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Original research article
Atrial fibrillation patterns are associated with arrhythmia progression and clinical outcomes
  1. Renate B Schnabel1,2,
  2. Ladislav Pecen3,
  3. Daniel Engler1,2,
  4. Markus Lucerna4,
  5. Jean Marc Sellal5,
  6. Francisco M Ojeda1,2,
  7. Raffaele De Caterina6,7,
  8. Paulus Kirchhof8,9
  1. 1University Heart Center Hamburg Eppendorf, Hamburg, Germany
  2. 2German Center for Cardiovascular Research (DZHK) partner site Hamburg/Kiel/Lübeck (RBS, DE, FMO), Berlin, Germany
  3. 3Medical Faculty Pilsen of Charles University, Pilsen, Czech Republic
  4. 4Daiichi Sankyo Europe, Munchen, Germany
  5. 5Departement de Cardiologie, Centre Hospitalier Universitaire de Nancy, Nancy, France
  6. 6G. d’Annunzio University, Chieti, Italy
  7. 7Fondazione G. Monasterio, Pisa, Italy
  8. 8University of Birmingham SWBH, Birmingham, UK
  9. 9UHB NHS Trust, Birmingham, UK
  1. Correspondence to Dr Renate B Schnabel, Department of General and Interventional Cardiology, University Heart Centre, 20246 Hamburg, Germany; r.schnabel{at}uke.de

Abstract

Objectives Determinants of atrial fibrillation (AF) patterns and of progression of earlier forms to permanent AF, and their relationship with outcome are still poorly understood.

Methods We examined AF patterns (paroxysmal, persistent and permanent), rate and predictors of AF progression, and outcomes in the PREFER (PREvention oF thromboembolic events-European Registry) in AF. The primary analysis was performed in the PREFER in AF prolongation dataset (n=3223 patients with AF with a complete 1-year follow-up, mean age 72±9 years, 40% women). Sensitivity analyses were performed using the PREFER in the AF study (n=6390 patients).

Results AF progressed to more persistent types in 506 patients (17%). Permanent AF was associated with development of heart failure at 1 year (OR 1.80, 95% CI 1.06 to 3.07, p=0.03) compared with paroxysmal AF, which was confirmed in the entire cohort. In multivariable-adjusted models, sinus rhythm at baseline, AF duration, cardioversion, hyperthyroidism, valvular heart disease, diabetes mellitus and heart failure were predictors of AF progression (area under the receiver operating characteristic curve 0.60, 95% CI 0.57 to 0.63). Results were similar when we restricted analyses to patients with AF duration <1 year. AF progression showed an association with coronary events over 1 year (OR 2.27, 95% CI 1.22 to 4.19, p=0.0074).

Conclusions Permanent AF at baseline was associated with incident heart failure. A substantial proportion of well-managed patients with AF showed AF progression over 1 year. AF progression itself was not strongly related to outcome and may indicate the need to refine the current classification of AF types to enhance clinical utility.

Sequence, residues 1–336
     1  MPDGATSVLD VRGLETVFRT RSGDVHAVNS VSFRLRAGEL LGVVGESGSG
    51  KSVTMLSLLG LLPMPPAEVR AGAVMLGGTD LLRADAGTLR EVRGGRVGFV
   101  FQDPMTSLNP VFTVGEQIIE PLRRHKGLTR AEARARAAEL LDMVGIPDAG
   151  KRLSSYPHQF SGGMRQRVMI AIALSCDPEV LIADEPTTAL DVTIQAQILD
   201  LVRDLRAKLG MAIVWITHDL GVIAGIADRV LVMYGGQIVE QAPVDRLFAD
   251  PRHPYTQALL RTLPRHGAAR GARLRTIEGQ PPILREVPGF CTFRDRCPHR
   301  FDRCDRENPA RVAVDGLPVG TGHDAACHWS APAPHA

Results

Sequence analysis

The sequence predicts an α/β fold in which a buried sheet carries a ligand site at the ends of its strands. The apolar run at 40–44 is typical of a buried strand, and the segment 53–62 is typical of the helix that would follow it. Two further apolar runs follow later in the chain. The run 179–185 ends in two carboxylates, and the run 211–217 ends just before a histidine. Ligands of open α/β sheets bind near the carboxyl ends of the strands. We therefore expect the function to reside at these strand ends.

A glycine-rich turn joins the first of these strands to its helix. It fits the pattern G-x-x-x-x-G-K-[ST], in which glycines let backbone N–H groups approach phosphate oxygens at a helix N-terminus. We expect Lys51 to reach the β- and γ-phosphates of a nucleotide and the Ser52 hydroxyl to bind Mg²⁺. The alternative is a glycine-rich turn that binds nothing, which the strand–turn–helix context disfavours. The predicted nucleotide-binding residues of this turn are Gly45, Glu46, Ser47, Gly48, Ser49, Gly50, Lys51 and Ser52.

• atrial fibrillation
  • epidemiology

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Footnotes

  • Contributors PK and ML contributed to acquisition of data, acquired funding and designed the research. RBS and DE made substantial contributions to conception and design. LP and FMO contributed to analysis and interpretation of data. RBS participated in drafting the article and JMS and RDC revised it critically for important intellectual content. All authors (RBS, LP, DE, ML, JMS, FMO, RDC, PK) gave final approval of the version to be submitted and any revised version.

  • Funding This project has received funding from Daiichi Sankyo Europe, the sponsor of the PREFER in AF and PREFER in AF prolongation registries. Further support came from the European Research Council (ERC) under the European Union’s Horizon 2020 research and innovation programme (grant agreement No 648131). This work was performed in the context of the Junior Research Alliance symAtrial project funded by the German Ministry of Research and Education (BMBF 01ZX1408A) e:Med –Systems Medicine program and German Centre for Cardiovascular Research (DZHK e.V.) (81Z1710103) (RBS). The PREFER in AF Registry has been funded by Daiichi Sankyo Europe. PK was partially supported by European Union (grant agreement no. 633196 [CATCH ME]) and British Heart Foundation (FS/13/43/30324).

  • Competing interests RDC reports that his institution received research grant support from Boehringer-Ingelheim, Bayer, Bristol-Myers Squibb/Pfizer and Roche; and honoraria for lectures and/or consulting from Boehringer-Ingelheim, Bayer and Bristol-Myers Squibb/Pfizer, Daiichi Sankyo, Lilly, AstraZeneca, Merck and Novartis. PK receives research support from European Union, British Heart Foundation, Leducq Foundation, Medical Research Council (UK), and German Centre for Cardiovascular Research, from several drug and device companies active in AF, and has received honoraria from several such companies. PK is listed as inventor on two patents held by University of Birmingham (Atrial Fibrillation Therapy WO 2015140571, Markers for Atrial Fibrillation WO 2016012783).

  • Patient consent Detail has been removed from this case description/these case descriptions to ensure anonymity. The editors and reviewers have seen the detailed information available and are satisfied that the information backs up the case the authors are making.

  • Ethics approval Scientific Steering Committee of the PREFER in AF. Local Ethics Committees in Austria, Germany,Switzerland, Italy, Spain, France and UK provided their approval as required bynational regulations.

  • Provenance and peer review Not commissioned; externally peer reviewed.

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